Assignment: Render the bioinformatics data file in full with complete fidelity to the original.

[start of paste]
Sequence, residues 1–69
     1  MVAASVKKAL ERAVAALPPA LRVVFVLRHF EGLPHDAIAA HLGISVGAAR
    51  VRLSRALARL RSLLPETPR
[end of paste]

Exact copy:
Sequence, residues 1–69
     1  MVAASVKKAL ERAVAALPPA LRVVFVLRHF EGLPHDAIAA HLGISVGAAR
    51  VRLSRALARL RSLLPETPR